They were seated close to each other around an old, circular wooden table at the back of the café. Two ladies with grey heads craning their necks over the faint blue glow of an iPad. The comings and goings of the café murmured around them. They were flipping through photos on the screen, sometimes taking turns, sometimes both swiping together and apologising as their hands met by accident.
I’d guess they were in the 70s. They talked at volume and with conspicuous pride about the achievements of their grandchildren.
“But isn’t this fabulous?” The quieter of two, said, looking across at her friend, who it seemed was the owner of the iPad.
“Oh yes, it really is…” The other nodded. She had clearly been convinced of its benefits some time ago and was now eager to share them with her companion. However, seemingly not wanting to be seen as an over-zealous salesperson, she added a more conciliatory note: “But I know you love your ancient computer, don’t you? I mean there wouldn’t be any need to actually use the iPad if you got it…you can always give them away to people.”
It sounded like they were picking up the thread of an ongoing discussion they’d been having about technology, perhaps over many weeks.
I shouldn’t have been eavesdropping, of course, but by now my attention was piqued.
We often think of iPads as premium purchases – the top end of the tablet market – but here were two ladies with rather different concerns. This was less about affordability than the pressure of expectation. For some customers, particularly those who grew up in an age before computing was widespread, a purchase like an iPad comes with a long tail of additional worries. Will they be able to use it or will it sit around gathering dust? Is there someone who can help them set it up or fix problems when they occur? Even if there is someone they can call on for help, do they want to be in a position of having to ask?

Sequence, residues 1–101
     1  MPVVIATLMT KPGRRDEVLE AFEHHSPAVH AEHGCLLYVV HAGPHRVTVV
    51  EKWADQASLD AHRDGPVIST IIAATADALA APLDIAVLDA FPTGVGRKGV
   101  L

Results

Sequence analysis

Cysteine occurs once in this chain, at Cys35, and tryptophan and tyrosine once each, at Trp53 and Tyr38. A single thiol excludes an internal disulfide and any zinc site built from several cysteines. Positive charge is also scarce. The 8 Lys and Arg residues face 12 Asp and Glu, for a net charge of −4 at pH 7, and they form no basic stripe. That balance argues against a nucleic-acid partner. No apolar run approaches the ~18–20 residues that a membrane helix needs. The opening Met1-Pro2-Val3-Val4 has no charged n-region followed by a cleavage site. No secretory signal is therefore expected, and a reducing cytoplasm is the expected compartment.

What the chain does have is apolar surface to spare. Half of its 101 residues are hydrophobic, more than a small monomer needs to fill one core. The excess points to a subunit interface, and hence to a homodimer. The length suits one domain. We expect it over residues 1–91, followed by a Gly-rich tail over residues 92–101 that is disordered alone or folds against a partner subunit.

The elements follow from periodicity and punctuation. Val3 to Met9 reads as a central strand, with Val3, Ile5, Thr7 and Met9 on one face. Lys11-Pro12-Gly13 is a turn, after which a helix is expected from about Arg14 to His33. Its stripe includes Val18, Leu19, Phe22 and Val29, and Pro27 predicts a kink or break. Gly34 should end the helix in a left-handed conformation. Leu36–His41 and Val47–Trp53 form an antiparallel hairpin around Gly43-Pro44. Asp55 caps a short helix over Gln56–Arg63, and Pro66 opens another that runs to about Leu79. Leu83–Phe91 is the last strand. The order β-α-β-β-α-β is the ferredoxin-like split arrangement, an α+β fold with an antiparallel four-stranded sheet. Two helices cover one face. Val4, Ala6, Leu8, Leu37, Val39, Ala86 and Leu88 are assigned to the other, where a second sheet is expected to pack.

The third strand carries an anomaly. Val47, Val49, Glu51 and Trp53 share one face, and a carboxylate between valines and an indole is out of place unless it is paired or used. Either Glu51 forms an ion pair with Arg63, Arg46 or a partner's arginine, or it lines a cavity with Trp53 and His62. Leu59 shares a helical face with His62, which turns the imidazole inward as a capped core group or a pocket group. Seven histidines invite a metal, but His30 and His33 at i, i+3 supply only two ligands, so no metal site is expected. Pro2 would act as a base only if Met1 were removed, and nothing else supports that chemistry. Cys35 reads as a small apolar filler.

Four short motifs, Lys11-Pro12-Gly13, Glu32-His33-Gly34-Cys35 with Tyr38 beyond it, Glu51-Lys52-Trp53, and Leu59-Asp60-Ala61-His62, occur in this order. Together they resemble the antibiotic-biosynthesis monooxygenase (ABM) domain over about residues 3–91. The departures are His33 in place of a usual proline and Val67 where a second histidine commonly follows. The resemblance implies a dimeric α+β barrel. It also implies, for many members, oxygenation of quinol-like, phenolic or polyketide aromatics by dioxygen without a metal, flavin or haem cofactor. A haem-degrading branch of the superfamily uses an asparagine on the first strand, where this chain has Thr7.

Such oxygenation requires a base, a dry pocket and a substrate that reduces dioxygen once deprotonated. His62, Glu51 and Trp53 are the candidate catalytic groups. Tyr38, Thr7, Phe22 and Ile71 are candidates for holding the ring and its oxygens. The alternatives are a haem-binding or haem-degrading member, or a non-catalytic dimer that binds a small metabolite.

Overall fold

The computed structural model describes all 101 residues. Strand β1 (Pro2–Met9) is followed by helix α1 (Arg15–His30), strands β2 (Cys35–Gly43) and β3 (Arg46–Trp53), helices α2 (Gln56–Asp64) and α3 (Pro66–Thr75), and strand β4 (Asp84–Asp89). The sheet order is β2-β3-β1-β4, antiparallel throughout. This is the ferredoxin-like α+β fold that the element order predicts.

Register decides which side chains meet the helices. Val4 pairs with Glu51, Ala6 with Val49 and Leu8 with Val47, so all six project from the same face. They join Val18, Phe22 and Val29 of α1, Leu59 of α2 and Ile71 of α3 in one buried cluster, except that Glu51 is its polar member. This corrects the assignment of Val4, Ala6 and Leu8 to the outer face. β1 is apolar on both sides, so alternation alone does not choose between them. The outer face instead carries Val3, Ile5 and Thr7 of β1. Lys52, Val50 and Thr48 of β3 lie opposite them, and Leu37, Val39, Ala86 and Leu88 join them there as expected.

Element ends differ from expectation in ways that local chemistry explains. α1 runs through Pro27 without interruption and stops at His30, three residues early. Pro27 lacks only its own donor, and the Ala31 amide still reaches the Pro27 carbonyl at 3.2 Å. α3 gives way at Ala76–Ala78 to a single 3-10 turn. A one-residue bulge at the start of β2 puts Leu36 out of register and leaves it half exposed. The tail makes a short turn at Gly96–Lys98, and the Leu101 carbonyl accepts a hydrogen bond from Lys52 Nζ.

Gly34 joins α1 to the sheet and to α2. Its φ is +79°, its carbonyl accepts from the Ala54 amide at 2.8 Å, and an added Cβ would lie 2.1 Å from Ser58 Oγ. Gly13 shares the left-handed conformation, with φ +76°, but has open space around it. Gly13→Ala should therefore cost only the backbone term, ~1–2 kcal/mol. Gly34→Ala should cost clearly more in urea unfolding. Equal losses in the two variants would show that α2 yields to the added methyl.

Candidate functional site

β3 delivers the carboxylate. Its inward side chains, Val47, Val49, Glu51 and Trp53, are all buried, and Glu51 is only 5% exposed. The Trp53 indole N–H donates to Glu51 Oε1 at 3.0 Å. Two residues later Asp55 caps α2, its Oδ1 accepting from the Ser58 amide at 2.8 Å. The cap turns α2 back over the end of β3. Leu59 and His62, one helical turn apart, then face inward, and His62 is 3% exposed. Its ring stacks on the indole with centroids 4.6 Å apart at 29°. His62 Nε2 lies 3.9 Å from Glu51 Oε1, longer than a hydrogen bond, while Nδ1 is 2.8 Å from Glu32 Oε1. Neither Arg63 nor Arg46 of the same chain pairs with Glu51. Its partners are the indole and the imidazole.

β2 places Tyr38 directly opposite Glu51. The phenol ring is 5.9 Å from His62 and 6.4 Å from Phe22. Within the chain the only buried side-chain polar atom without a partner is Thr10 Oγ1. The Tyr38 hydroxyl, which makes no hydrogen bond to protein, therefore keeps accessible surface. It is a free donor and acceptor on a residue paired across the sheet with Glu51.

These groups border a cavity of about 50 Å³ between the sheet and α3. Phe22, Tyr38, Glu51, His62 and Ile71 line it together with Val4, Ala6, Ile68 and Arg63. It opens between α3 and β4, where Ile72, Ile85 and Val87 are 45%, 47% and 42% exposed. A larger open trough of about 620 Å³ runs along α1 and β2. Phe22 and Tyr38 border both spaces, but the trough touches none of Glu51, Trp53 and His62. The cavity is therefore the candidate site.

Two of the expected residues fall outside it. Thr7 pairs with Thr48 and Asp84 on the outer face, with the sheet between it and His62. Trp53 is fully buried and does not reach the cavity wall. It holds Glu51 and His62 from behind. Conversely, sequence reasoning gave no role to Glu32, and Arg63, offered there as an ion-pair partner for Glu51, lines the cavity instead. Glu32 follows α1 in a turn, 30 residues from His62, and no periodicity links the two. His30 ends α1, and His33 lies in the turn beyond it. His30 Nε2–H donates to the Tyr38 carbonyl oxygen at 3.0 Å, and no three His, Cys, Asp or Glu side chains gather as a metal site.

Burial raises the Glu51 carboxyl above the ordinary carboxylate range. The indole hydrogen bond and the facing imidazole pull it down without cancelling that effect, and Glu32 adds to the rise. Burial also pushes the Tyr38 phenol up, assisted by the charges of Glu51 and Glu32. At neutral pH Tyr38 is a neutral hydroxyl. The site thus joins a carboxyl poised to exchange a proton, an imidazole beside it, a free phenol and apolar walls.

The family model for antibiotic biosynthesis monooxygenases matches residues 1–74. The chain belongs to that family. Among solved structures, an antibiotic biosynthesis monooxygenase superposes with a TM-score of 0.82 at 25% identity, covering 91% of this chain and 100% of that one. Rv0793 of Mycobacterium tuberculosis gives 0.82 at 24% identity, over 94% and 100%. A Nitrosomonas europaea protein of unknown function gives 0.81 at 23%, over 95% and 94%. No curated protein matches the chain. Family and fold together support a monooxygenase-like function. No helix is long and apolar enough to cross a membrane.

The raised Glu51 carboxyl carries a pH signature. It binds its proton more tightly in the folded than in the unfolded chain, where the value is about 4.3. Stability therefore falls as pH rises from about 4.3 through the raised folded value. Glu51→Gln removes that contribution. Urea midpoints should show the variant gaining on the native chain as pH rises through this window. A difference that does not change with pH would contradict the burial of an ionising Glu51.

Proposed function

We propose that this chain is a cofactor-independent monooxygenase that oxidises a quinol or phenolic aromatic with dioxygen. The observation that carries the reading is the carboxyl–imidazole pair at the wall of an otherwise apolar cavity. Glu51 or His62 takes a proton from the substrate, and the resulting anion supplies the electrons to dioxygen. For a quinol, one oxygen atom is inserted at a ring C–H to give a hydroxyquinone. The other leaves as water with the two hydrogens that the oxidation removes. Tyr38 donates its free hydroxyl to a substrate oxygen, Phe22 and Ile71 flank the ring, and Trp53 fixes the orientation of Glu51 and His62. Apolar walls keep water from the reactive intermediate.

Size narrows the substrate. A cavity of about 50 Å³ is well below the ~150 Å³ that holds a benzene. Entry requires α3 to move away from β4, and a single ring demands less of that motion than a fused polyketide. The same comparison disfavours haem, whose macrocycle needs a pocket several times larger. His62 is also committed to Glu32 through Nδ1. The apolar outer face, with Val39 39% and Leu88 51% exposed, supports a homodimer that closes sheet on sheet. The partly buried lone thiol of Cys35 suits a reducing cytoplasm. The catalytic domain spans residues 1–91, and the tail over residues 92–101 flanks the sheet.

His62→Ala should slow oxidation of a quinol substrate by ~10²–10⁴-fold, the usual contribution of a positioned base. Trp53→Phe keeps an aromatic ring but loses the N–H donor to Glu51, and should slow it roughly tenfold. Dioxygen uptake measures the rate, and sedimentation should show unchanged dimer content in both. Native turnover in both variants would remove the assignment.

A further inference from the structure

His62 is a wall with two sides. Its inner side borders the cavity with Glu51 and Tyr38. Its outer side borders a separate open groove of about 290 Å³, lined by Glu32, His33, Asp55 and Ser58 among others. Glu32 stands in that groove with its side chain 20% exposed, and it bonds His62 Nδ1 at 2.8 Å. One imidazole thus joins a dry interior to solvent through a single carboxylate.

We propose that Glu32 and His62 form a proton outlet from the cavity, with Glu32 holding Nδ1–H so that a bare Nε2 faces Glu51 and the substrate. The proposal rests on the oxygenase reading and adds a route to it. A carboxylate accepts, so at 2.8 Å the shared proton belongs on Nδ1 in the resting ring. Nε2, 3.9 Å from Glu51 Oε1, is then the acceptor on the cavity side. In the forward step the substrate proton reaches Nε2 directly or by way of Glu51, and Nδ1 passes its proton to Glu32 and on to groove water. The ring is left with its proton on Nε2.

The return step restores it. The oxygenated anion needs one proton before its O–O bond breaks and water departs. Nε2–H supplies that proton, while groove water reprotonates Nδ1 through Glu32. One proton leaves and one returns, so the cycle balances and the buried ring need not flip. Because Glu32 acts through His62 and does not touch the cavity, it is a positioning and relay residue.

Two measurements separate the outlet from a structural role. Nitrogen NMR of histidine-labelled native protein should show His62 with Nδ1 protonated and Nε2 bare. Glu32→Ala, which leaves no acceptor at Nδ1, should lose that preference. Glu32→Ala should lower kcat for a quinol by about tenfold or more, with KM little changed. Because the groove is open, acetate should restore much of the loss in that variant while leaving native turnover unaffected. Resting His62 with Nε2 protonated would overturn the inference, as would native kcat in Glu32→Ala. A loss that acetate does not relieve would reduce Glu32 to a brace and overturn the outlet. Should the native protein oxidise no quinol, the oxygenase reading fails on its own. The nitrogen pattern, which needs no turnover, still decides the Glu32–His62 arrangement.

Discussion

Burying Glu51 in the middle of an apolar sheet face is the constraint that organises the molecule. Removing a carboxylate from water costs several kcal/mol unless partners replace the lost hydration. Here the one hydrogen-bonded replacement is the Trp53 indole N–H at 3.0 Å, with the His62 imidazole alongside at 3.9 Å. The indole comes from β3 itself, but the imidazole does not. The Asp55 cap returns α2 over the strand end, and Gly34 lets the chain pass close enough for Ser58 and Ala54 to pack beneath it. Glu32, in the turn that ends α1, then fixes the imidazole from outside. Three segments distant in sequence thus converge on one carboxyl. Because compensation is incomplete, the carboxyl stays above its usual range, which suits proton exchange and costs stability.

They each took a sip of their coffees and put the iPad to one side. The owner of the device picked up the conversation again: “You know when my mother-in-law died we didn’t know what to do with her iPad. I mean we couldn’t give it to just one of the grandchildren, but not the others…”
“Well no,” nodded her friend. “That wouldn’t have been right.”
“In the end they gave it to James…” There was something about the way she said it which left little doubt she was referring to her own husband. “Now, you know James. He’s never even touched a computer, but the iPad…he loves it. Every morning, he looks at the weather and then he looks at his space images from NASA. It’s all very high brow. He puts me to shame. I mean, I just use mine for the games and the photos!”
I’d never really thought of an iPad as an heirloom. To those of my generation, mobile devices are attended by assumptions of individual use and short, disposal lifespans. Joe Macleod’s book Ends explores this theme in detail and I interviewed him about it in episode 36 of the MEX podcast.
Apple itself has seemed uncertain at times about the purpose of the iPad. The arrival of the Pencil, the Pro models and the multi-tasking capabilities introduced in iOS 11 suggest a growing ambition to position it as a creator’s tool. However, for these elderly customers discovering the iPad for the first time, it was something else entirely: a conveniently big, sociable and shareable screen – recalling some of our earlier MEX explorations about simultaneous multi-person user interfaces (SMUIs).
My justification for all the
curiosity nosiness which fuels this ongoing series of MEX User Stories is that conversations like these reveal people’s true feelings about mobile technology. These are insights which are only observable in passing and provide vital additional context to sit alongside more formalised user research. There’s nothing which users can tell you in one-to-one interviews or co-creation sessions that won’t be enhanced by keeping your eyes and ears open for casual, observational ethnography opportunities in real world settings – something I’ve written about previously in this piece entitled ‘User research – what next?‘.
Part of MEX User Stories, an ongoing series of tales about digital user experience in the real world.